So there you have it, a honey based Eggnog that is safe for children and the elderly to drink.

Let's make some Cheer! 

Cooked Honey Eggnog

6 large Egg Yolk, save the egg whites for Angel Food Cake or Divinity
1/2 cup light Honey, such as Orange Blossom or Clover
1 TB Vanilla extract
Pinch of Kosher Salt
1/2 a Nutmeg, broken (plus more as a garnish)
1 Cinnamon Stick, broken
4 Clove buds
2 cups Whole Milk
a tiny pinch of Baking Soda
1 cup Heavy Cream

For serving "Virgin":
Eggnog base
Freshly grated Nutmeg

Or not:
4 oz Eggnog base
1 oz Bourbon per person when serving (I like mine a little stronger, so I use 1 1/2 oz per person)
Freshly grated Nutmeg
2 TB Egg Beaters 100% Egg Whites (or other Pasteurized egg whites in a carton) per serving
1 tsp Honey
More Nutmeg  :)

OK, Ready, Set.... Go!

The Egg Yolks, Honey, Vanilla and Salt need to be whisked very well in a stainless steel or glass bowl until they are thick, pale and slightly fluffy looking.

Meanwhile, in a separate saucepan, bring Milk, Nutmeg, Cinnamon and Clove to a simmer.

Add just a pinch of Baking Soda to the Milk...   (Honey is slightly acidic, when compared to sugar, so you need just a pinch to take the edge off the honey)

When the Yolks are super pale and fluffy, slowly add the simmering milk, 1/4 cup at a time, to the yolks, whisking constantly to temper them.

Once you have added about 1 cup of the Milk, you can add the tempered yolks to the remaining Milk in the sauce pan.

Continue cooking this custard mixture until it reaches 180F (82C) degrees.

Remove from the heat and strain (to remove the cinnamon stick, cloves and any errant egg yolk bits) through a fine mesh strainer.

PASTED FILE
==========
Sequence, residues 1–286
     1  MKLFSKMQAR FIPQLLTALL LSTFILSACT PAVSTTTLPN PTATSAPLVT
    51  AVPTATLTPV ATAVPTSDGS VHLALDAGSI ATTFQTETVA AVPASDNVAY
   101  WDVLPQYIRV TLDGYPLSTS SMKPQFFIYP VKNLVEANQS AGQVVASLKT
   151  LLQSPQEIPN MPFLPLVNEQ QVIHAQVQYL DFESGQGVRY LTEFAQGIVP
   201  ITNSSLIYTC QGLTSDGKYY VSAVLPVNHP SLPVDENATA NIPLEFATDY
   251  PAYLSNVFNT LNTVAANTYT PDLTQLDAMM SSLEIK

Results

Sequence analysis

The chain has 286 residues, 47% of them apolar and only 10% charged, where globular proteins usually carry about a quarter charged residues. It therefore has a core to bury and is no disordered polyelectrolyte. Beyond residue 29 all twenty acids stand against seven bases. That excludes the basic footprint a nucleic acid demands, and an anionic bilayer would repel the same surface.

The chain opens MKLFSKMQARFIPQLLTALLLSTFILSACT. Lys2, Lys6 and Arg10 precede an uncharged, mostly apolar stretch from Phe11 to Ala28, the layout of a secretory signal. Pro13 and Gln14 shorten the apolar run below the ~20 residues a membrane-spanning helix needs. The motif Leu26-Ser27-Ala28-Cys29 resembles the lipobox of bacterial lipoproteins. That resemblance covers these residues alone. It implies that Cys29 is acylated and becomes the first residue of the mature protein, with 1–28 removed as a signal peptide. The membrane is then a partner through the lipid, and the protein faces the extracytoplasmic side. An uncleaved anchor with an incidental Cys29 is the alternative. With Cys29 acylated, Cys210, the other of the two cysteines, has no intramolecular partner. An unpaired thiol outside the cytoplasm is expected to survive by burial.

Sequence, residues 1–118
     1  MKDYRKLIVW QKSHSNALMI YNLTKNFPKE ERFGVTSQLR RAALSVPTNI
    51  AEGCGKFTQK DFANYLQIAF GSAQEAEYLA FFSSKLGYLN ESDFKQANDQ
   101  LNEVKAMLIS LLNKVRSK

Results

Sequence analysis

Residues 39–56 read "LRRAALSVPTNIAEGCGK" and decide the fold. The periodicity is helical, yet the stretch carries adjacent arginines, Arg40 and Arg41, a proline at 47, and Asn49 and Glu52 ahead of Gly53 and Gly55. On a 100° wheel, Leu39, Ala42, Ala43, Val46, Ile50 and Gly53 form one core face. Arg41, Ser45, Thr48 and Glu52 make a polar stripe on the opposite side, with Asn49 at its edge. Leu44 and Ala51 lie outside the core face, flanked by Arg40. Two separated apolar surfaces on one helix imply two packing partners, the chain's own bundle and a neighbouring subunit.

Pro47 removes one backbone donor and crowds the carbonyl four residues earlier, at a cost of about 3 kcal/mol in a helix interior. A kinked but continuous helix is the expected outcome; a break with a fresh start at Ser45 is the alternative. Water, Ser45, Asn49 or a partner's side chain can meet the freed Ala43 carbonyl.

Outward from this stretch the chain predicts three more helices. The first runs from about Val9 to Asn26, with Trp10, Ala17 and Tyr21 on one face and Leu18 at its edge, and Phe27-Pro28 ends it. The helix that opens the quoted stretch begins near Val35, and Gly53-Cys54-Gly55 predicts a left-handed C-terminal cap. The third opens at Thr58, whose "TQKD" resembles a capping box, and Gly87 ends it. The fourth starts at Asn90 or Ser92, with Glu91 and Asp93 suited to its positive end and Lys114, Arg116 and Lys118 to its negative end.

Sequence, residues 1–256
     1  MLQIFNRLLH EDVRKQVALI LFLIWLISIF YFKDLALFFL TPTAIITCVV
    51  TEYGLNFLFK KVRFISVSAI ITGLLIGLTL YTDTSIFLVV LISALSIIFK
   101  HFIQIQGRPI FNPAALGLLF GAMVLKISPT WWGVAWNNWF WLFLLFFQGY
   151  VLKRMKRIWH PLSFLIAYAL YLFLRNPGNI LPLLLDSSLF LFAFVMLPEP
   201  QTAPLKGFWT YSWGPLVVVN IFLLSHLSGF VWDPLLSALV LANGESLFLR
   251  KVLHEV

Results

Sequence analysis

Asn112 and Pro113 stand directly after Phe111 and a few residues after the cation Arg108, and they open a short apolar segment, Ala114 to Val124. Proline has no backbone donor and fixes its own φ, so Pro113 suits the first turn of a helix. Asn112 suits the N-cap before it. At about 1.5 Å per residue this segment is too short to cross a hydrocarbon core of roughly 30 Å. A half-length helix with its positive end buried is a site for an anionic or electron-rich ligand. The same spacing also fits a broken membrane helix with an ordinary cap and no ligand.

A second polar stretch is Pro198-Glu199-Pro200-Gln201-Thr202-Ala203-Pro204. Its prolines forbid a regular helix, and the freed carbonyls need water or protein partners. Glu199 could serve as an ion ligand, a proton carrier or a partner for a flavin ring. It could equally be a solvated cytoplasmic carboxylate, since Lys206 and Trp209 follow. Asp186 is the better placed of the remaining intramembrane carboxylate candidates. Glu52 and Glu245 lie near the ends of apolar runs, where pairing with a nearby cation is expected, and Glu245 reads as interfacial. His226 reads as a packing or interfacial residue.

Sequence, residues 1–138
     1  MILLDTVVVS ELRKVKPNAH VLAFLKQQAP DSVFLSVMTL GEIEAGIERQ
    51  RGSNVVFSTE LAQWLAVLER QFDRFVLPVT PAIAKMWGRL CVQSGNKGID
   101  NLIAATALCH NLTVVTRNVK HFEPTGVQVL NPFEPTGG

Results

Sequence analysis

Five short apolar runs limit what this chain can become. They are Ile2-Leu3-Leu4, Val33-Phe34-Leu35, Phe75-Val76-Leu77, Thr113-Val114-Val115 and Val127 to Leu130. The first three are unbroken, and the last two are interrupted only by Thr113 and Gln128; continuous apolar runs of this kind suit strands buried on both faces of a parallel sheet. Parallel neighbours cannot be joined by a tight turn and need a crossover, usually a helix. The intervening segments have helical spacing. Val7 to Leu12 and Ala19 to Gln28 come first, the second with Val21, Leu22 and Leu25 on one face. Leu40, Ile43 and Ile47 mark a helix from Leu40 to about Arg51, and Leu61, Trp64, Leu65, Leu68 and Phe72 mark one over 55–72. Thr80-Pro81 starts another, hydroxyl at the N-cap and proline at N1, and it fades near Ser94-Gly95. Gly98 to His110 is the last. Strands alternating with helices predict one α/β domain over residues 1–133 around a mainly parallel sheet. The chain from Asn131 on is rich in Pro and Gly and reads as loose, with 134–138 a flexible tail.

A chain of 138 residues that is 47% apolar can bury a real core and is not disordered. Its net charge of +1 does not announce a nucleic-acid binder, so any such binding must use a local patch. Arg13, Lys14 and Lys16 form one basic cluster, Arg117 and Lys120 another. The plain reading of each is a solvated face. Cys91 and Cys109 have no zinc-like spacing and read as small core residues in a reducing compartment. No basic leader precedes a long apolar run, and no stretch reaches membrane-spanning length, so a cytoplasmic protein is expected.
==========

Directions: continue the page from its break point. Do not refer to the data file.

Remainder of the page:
Slowly stir in the heavy cream to help cool it down.

Pour into a glass container or two, depending on your bottle sizes.

Refrigerate until cold. Eggnog is suppose to be a cold drink.... Unlike a Tom and Jerry (But that is a post for around New Year)

Now, you have 2 options.  The virgin version, or the less than virgin version.  ;)
I really don't think I need to give directions for a virgin Eggnog, so let's move on to the version filled with Christmas Cheer.

This is by the glass.  If you decide to make a punch bowlful of Eggnog, simply calculate that your starting batter will make about 9 servings in total (depending the size of your punch cups).  So pour the cooked base from above, into a punch bowl, add 9-12 oz of Bourbon and stir... Add fresh grated Nutmeg and stir again.  Whip 18 TB of Pasteruized Egg Whites with 9 tsp of Honey until they form stiff peaks.  Fold the beaten egg whites and Eggnog together in a punch bowl.  Cover and chill for 1 hour in the refrigerator before serving.

OK, moving on to Holiday Cheer for 1.  :)

Place 1 oz of good Bourbon in a glass.

Add the Eggnog base and stir quickly with a fork.

Sprinkle with freshly grated nutmeg and stir again.

In a small bowl, combine pasteurized Egg White and Honey.

Whisk briskly until stiff peaks form. (since the honey is slightly acidic, it will stabilize your egg whites and form a nice fluffy Meringue)

Spoon the Honeyed Meringue into the glass.

You may stir again at this point, or not (it depends on how "airy" you want your drink)
Sprinkle with more freshly grated Nutmeg.

Now consume the Cheer.

Now if your eyes start a Wynken and a Blynken, and your head begins to Nod, then you may have had a little too much cheer.

Cin Cin!!

Monday, December 3, 2012

Caramel Sauce, Whiskey and Wild Wild Bread Pudding

It's the season!  November has ended, Thanksgiving is officially over now and, contrary to what retailers would have us believe, the Christmas season has begun.  I have noticed, as I get older, that I am becoming more and more adamant about the fact that "Christmas" does not start until December.  The entire concept of Black Friday can kiss my back side.  Oye!  I stay home and eat left-over Thanksgiving pie.  (I love Pie day!)  Then again, I have usually finished my Christmas shopping before Halloween.  Not always, but most of the time.  Which leaves me free to spend the early part of December baking a myriad of Shortbreads, Candies and other small bites of delicious holiday cheer.